“They just keep falling off, Tom. She just can’t keep them on … and (long pause) … she really can’t see much anymore. Her eyes are closed most of the time now, even when she eats. I just don’t think she needs them anymore.”

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Looking back on it now, I realize I was only halfway listening to Carolyn. I think I was focused more on how I was going to conquer the snow and get from Point A to Point B without losing two of my most favorite people on this planet … mom and me!

It wasn’t until I had safely made it to Circle Center and was lifting mom from the car into her wheelchair, that I noticed her again without her glasses. I took a picture of her and then just stood there, my eyes fixated on her face, crying.

The snow was falling in slow motion, in unison with my tears.

It was the first time in my life … my entire life … that I had seen my mom start her day without her glasses.

When I first started caring for her, it was a struggle to even get her to take them off at bedtime.  And, often, she’d have them on again before getting out of bed in the morning.  Maybe she needed them to see her dreams. Who knows? All I know is I never knew.

I wiped my eyes on my coat sleeve and wheeled mom into the lobby. It was as warm as the welcome from the receptionist. “Good morning, Tom! Pretty rough going out there this morning. Glad to see you and your mom made it safe and sound.”

Then she turned to mom. “Hey, Helen! Don’t you look great in that red coat of yours. (Pause) Helen … where are your glasses?”

I basically gave her the same explanation Carolyn gave me. They’re always falling off. Mom keeps her eyes closed most of the time now. And, even when they’re open, I’m not really sure she sees much of anything anyway.

Then the receptionist asked if I was OK. I don’t know whether my eyes were giving it away, but I started tearing up again. “I’m OK. It’s just that … I have never seen my mom without her glasses on … my entire life … never.”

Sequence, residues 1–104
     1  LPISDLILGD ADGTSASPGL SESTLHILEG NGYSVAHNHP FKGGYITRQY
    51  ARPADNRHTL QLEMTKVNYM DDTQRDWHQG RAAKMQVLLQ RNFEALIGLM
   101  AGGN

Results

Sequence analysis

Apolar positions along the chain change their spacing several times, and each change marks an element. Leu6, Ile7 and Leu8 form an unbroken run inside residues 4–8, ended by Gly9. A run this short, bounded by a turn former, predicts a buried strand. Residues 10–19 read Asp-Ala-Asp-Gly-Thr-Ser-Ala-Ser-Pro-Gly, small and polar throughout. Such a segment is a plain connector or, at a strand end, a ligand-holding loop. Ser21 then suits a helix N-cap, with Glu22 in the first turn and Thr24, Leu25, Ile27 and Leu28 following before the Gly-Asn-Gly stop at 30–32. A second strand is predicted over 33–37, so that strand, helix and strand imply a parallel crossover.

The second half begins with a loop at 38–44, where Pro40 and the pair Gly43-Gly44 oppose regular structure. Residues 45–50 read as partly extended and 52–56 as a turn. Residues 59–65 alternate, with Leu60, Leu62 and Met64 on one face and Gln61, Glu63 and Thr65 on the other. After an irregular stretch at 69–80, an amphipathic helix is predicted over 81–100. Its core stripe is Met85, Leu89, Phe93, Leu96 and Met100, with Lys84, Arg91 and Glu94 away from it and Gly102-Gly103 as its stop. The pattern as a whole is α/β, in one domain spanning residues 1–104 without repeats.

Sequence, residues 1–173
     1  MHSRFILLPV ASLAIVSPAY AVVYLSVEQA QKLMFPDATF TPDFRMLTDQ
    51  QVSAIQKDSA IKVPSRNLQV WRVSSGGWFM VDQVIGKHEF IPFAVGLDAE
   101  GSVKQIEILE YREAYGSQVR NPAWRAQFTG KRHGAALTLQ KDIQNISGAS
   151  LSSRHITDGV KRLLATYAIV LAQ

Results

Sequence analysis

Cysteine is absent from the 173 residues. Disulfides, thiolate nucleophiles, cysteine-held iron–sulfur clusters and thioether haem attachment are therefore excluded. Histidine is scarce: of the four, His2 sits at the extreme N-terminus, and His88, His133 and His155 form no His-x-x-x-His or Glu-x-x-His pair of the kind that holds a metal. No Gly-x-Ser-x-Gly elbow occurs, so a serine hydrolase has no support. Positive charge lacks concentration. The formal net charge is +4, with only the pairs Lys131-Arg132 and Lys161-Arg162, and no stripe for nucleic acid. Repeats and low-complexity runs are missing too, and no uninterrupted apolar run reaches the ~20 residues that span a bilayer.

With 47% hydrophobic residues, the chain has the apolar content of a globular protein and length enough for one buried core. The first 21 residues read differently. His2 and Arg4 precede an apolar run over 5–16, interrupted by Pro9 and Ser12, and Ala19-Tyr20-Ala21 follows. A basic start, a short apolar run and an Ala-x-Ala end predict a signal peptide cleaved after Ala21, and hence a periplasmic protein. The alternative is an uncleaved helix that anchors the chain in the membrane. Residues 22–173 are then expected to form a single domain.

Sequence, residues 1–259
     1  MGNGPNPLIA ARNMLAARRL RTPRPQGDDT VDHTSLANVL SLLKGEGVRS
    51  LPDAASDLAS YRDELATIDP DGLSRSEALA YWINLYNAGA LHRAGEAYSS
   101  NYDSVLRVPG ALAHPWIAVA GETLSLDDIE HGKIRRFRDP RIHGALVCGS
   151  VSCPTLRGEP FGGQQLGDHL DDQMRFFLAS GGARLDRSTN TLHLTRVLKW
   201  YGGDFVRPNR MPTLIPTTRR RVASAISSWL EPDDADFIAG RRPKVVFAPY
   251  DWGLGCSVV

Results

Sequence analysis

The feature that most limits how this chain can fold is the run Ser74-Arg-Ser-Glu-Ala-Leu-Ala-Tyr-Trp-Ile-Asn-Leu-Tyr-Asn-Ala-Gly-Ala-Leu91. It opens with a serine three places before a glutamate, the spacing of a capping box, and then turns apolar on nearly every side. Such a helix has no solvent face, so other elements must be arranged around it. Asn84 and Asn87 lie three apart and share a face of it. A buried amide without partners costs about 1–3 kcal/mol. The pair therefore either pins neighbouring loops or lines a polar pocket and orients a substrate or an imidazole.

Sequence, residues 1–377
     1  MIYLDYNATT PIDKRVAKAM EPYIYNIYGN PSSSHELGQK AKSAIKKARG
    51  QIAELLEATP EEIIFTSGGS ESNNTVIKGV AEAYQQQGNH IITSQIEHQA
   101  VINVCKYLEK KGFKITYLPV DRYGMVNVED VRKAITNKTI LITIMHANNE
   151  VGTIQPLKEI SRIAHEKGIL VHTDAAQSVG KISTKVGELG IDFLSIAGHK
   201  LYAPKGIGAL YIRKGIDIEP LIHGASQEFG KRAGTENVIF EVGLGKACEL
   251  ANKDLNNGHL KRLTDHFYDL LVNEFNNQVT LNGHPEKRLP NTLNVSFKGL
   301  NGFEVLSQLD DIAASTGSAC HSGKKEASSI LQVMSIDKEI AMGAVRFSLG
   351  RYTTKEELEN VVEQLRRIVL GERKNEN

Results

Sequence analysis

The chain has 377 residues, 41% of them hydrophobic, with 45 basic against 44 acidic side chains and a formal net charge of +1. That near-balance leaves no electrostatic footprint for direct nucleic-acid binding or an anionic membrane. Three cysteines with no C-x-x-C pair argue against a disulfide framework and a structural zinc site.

“For all I know, she was born with her glasses on … little tiny baby glasses that must have grown up with her.”

I tried to pull a smile out of my hat, but it wasn’t working.

I bent over to kiss mom’s cheek and say goodbye. Her eyes were closed.

I whispered, “I love you mom … I’ll see you later.”

I went back out into the cold wondering if my mom would ever see me again.

Christmas Baby is 96

Gray hairs seem to my fancy like the soft light of the moon, silvering over the evening of life.- Jean Paul 

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Mom was born on Christmas day, 1919.
Today she’s celebrating her 96th birthday!
That translates to 35,064 days and 35,064 nights on this planet
There have been exactly 1,187 full moons since she was born.

How many of them have you seen?

As fate would have it, mom will have a full moon shining over her on her birthday! The last Christmas full moon was in 1977. The next one will be in 2034.

Happy birthday, mom!

Here’s to many more full moons coming your way!

 

All the Little Children

Once upon a time, a long, long time ago, in a place called Orangeburg, South Carolina, this story unfolded … a story that would change my family’s lives forever.

Mom and dad led my sister, Nel, and me through the darkness of it all.

They were our light.

They showed us the way.

They showed us the meaning …

The meaning of love.

For the rest of our lives we held the torch of love together.

And, I have faithfully passed the torch to my family as they have theirs.

On Christmas day, I know my dad and sister will be looking down from some heavenly place at the 96 candles shimmering brightly on mom’s birthday cake.

They will rejoice in knowing those little lights still unite each of us.

Jesus loves the little children, all the children of the world …